A study of management of human resources at the organizational level, including human resource forecasting, planning, and training and development. Topics include the legislative environment of human resource management, labor relations, job analysis, recruiting, performance appraisal, and compensation.
Meets Degree Requirements for: BS Business: Diversified Concentration
This course is a study of advanced marketing management, especially product, price, promotion, and distribution problem solving. The legal and social environment within which marketing problems occur is also discussed.
This course will introduce students to entrepreneurship and business planning. It is suited both to entrepreneurs planning to develop and launch their own businesses as well as to those with established small business ventures that they would like to expand.
Students in this course will learn how to manage client requests, the tasks that issue from them, and the staff and other resources that their organization has available in order to attain the desired goal of a project within a specified period of time. This course relies heavily on the definitions and principles found in A Guide to the Project Management Body of Knowledge, which represents the best practices in the field.
We live in an epidemic of addiction to sex, pornography, online affairs, gaming, the Internet and Facebook–all addictions that are exacerbated by technology. These fit into a larger category of addictions called behavioral addictions which also includes: codependency, eating, shopping, exercising and work addiction. This course is intended to equip students with an interdisciplinary approach to minister to those with technology-related addictions combining lessons from the disciplines of counseling/psychology, theology, public health and technology.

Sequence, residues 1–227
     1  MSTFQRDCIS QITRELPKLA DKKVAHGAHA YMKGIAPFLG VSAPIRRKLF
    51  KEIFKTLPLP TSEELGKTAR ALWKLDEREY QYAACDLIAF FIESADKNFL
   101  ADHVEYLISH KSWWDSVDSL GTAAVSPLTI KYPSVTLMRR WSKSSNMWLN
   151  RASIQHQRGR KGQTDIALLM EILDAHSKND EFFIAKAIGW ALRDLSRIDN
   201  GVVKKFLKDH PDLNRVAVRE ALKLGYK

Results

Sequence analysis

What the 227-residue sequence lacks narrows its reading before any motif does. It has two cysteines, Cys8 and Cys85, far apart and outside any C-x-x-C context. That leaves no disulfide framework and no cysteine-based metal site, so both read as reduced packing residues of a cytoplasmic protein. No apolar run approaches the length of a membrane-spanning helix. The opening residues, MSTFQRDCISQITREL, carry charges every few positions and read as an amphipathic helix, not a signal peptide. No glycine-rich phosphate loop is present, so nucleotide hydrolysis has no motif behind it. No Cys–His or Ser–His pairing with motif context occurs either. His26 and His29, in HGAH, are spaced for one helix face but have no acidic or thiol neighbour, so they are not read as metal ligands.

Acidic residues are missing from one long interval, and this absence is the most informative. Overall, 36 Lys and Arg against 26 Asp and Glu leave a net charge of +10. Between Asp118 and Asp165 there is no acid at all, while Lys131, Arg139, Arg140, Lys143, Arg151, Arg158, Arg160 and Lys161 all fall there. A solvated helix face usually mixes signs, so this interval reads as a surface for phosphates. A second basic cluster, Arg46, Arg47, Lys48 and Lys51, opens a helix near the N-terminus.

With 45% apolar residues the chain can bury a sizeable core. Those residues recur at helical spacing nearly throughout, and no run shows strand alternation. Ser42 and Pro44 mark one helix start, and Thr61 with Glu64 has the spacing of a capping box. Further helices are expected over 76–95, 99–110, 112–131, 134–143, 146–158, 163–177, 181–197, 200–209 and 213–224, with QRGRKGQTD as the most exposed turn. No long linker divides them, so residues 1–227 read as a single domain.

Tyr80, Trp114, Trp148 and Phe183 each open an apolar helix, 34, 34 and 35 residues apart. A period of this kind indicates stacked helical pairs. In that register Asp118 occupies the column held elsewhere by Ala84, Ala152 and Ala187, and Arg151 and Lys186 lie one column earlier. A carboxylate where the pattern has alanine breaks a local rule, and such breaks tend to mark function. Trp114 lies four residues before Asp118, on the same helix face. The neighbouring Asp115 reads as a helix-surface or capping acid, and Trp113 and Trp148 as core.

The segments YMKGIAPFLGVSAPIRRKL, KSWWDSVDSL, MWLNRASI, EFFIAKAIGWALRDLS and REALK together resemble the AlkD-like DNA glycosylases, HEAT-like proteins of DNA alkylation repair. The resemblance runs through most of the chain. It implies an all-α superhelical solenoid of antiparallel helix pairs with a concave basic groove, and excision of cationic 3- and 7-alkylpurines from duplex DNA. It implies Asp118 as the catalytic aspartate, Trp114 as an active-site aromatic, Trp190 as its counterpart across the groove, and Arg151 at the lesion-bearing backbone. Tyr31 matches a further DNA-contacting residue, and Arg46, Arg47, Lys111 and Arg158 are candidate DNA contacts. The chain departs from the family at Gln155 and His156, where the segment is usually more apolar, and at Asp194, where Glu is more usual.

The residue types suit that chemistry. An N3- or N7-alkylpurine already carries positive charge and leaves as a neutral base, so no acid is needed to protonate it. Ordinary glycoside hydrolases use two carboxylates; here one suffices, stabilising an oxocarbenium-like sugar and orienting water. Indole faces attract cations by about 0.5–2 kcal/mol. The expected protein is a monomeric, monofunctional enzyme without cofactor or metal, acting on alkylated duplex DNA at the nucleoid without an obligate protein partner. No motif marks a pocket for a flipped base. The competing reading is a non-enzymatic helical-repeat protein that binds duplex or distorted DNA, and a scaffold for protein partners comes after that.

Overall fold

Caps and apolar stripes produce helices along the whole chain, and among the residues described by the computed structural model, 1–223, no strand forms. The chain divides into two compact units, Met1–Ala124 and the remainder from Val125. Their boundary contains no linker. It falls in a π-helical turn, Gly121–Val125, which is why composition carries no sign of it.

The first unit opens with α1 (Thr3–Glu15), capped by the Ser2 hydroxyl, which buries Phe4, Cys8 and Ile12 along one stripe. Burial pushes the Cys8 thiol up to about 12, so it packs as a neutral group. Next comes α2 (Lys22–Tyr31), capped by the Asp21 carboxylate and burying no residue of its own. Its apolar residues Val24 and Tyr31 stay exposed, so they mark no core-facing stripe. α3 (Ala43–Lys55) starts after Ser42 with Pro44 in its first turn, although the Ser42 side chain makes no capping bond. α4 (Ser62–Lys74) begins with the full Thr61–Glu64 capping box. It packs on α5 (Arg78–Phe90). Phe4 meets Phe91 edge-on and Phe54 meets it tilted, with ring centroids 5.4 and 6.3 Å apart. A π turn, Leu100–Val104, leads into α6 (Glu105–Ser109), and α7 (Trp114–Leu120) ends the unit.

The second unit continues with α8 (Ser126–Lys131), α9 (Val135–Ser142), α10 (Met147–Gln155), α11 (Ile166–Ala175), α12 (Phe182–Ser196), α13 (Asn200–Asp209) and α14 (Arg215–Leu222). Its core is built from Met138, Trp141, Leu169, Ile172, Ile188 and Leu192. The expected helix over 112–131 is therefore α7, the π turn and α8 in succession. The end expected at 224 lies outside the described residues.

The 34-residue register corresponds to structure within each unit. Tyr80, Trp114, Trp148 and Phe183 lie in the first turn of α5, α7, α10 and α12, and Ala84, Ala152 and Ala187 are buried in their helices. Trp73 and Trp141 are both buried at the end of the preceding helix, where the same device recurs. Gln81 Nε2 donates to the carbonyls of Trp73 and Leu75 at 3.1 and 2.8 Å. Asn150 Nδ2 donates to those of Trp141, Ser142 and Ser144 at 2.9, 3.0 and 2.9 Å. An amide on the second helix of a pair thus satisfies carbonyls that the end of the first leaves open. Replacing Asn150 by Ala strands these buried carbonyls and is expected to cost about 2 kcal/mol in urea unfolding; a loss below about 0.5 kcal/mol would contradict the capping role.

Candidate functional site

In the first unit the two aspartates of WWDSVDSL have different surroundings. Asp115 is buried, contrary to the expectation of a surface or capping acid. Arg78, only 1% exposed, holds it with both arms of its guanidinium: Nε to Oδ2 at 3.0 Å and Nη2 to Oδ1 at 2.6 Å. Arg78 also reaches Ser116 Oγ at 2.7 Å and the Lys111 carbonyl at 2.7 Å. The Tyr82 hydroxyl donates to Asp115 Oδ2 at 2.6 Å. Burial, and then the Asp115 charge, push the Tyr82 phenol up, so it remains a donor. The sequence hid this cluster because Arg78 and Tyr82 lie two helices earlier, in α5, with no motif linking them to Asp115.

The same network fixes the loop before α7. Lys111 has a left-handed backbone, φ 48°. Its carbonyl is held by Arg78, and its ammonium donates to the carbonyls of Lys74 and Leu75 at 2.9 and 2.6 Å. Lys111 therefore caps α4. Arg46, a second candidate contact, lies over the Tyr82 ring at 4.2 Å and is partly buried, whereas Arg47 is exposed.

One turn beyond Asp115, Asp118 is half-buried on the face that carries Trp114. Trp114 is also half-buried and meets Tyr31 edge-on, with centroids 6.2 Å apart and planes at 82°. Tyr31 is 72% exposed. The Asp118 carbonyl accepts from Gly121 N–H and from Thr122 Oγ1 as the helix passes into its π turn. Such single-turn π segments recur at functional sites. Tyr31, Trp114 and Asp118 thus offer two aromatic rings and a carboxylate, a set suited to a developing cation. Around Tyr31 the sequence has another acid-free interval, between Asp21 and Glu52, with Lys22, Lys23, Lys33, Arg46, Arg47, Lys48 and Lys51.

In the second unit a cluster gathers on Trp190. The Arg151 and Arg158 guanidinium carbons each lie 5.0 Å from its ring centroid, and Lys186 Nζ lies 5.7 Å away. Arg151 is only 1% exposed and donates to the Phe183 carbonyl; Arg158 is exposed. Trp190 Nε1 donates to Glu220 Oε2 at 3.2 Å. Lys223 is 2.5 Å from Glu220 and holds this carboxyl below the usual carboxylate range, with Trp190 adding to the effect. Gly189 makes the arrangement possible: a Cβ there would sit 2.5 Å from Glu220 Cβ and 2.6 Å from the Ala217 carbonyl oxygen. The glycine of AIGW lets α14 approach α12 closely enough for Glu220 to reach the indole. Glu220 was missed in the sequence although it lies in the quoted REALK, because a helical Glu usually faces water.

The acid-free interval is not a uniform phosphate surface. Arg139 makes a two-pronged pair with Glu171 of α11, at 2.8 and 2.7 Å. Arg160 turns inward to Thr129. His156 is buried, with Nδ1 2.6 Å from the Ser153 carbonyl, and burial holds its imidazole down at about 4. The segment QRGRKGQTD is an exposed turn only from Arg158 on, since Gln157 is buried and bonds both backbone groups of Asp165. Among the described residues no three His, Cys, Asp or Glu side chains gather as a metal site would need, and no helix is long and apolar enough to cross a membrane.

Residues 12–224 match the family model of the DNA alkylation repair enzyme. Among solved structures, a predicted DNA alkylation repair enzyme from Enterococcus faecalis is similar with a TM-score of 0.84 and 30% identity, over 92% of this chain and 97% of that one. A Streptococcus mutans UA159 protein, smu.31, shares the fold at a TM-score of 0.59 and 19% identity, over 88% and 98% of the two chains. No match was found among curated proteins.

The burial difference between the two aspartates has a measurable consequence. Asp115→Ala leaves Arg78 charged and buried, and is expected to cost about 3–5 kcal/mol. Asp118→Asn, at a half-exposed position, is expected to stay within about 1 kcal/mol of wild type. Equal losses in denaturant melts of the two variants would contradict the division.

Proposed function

This course will focus on grant and proposal writing covering the research and prospect identification process, foundation grants, government grants and the relational process of grant approvals.
Social Entrepreneurship is the field of applying business entrepreneurship, start-up principles to social causes. The course centers around a final project where students will build their own social entrepreneurship “pitch deck” presentation to use to persuade potential supporters of their initiative. This course will apply many of the best practices of startups used by Silicon Valley to the social sector including: Lean Startup principles and the Business Model Canvas.
This overview of how business works is great for entrepreneurs planning on starting businesses, students trying to figure out whether a career in business is right for them, and employees looking to understand more about their companies and build their business acumen.
This course introduces students to the theory and practice of Christian community development in an increasingly interconnected, urban world. Students will be equipped to develop church-based, holistic community development strategies that cultivate community assets and empower indigenous leadership in low-income communities. Special emphasis will be placed on issues of fundraising, shared vision, and resource development for various anti-poverty strategies.
Students taking this course will gain practical experience in workplace communication. They will practice common types of business writing, such as the memo, letter, and report. They will also review their basic writing skills to gain greater mastery of grammar, mechanics, and style.